Sunday,24 February, 2019
Current issue | Issue 1342, (27 April - 3 May 2017)
Sunday,24 February, 2019
Issue 1342, (27 April - 3 May 2017)

Ahram Weekly

Island agreement back in court

A year after protesters took to the streets to oppose their being handed to Saudi Arabia the Red Sea islands of Tiran and Sanafir are once again in the limelight

Archival photo of a protest opposing the Egyptian-Saudi maritime borders demarcation agreement
Archival photo of a protest opposing the Egyptian-Saudi maritime borders demarcation agreement

Some political forces have been marking the first anniversary of protests opposing the Egyptian-Saudi maritime borders demarcation agreement. Signed on 9 April 2016, the agreement cedes control of the two strategic Red Sea islands of Tiran and Sanafir to Saudi Arabia.

Tens of protesters took to the streets on 15 April 2016 and denounced the agreement as the “sale of Egyptian land in return for financial aid”. On 22 April 16 liberal and leftist parties and 163 public figures founded the Campaign to Defend Land. On 25 April, Sinai Liberation Day, protests broke out in several provincial governorates.

According to a recent report by the Egyptian Centre for Economic and Social Rights, 432 demonstrators were arrested during last year’s protests against the demarcation deal. Of the total 141 were cleared of all charges, 56 received hefty fines and charges were shelved against 144 protesters.

Since the agreement was signed dozens of lawsuits have been filed before the administrative judiciary calling for its annulment. The claimants relied on Article 151 of the constitution which prohibits the signing of any agreement that leads to the ceding of Egyptian territory. They produced hundreds of documents to support their petitions.

In June 2016 the Administrative Court ruled the islands were sovereign Egyptian territory. The government contested the first-degree ruling only for the agreement’s opponents to secure a final ruling in their favour on 16 January 2017.

When an urgent matters court ruled in favour of the agreement the government then appealed to the Supreme Constitutional Court (SCC).

Legal experts say the SCC is unlikely to side with the government. They also question whether the SCC has the authority to review final administrative rulings.

The government’s last recourse was to refer the deal to parliament for endorsement, which they duly did. The House of Representatives, whose support of the government is no secret, then began the process of discussing an agreement already annulled by the judiciary.

Speaker Ali Abdel-Aal said on 10 April that the agreement had been referred to parliament’s Constitutional and Legislative Affairs Committee. Abdel-Aal’s statement was issued on the same day President Abdel-Fattah Al-Sisi declared a three-month state of emergency following the Palm Sunday church bombings. Commentators say the timing of the statements suggests Abdel-Aal intends to push the agreement through parliament. With all forms of peaceful protests banned, MPs will face little reaction should they endorse the deal.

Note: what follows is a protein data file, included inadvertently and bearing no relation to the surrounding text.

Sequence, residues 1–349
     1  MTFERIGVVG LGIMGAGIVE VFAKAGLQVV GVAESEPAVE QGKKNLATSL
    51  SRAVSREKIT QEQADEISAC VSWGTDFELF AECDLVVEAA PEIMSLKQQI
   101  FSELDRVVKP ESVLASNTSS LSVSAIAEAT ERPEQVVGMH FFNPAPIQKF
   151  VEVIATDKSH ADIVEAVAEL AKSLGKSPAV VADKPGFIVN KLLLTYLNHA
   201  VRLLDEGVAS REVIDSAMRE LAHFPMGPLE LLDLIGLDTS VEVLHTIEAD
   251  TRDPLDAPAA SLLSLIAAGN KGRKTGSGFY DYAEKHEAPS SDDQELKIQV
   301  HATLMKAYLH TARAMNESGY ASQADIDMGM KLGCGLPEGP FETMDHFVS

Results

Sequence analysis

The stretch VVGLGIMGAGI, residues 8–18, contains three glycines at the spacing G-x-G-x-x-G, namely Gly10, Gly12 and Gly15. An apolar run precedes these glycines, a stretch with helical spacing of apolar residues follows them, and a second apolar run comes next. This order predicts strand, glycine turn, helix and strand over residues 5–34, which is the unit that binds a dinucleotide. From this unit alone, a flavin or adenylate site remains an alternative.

In response, lawyer Khaled Ali has filed a complaint before the prosecutor-general suing President Abdel-Fattah Al-Sisi and Abdel-Aal for “harming Egyptian sovereignty”.

On Saturday, ahead of Al-Sisi’s visit to Saudi Arabia after months of tense bilateral relations, Abdel-Aal announced that parliament’s discussion of the agreement would be held within days.

Medhat Al-Zahed, acting chairman of the Socialist Popular Alliance Party and a leading member of the Campaign to Defend Land said: “I doubt very much that the Egyptian-Saudi summit will address the transfer of the islands to Saudi Arabia.”

Ali told a symposium held last week at the Alexandria offices of the liberal Dostour Party that “I never thought that one day I would stand in court defending land against the state.” The symposium was organised to mark the first anniversary of the protests against the demarcation deal.

“Our mission now is to convince MPs, via public pressure, not to discuss this voided agreement,” says Al-Zahed. He warned that if parliament did insist on discussing the agreement “we will file a lawsuit asking for the House of Representatives to be dissolved.”

Ali has already filed a lawsuit seeking to ban the House of Representatives from discussing “a null and void agreement”. The Administrative Court is due to rule on the suit on 23 May.

Parliament continues to argue it is the only body empowered by the constitution to discuss international agreements.

“Anyone who wants to know our reasons for opposing the agreement should read the ruling of the administrative judiciary,” says Maasoum Marzouk, a leading member of islands’ defence team. “The rulings were sufficiently clear to convince even Israel that Tiran and Sanafir are Egyptian.”

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